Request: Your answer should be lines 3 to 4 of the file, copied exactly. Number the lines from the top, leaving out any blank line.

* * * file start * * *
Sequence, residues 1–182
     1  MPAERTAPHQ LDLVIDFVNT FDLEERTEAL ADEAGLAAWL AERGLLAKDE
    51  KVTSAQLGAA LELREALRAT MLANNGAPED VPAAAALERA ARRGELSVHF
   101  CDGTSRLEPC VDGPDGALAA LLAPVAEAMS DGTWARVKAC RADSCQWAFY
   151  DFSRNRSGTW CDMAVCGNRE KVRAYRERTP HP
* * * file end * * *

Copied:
    51  KVTSAQLGAA LELREALRAT MLANNGAPED VPAAAALERA ARRGELSVHF
   101  CDGTSRLEPC VDGPDGALAA LLAPVAEAMS DGTWARVKAC RADSCQWAFY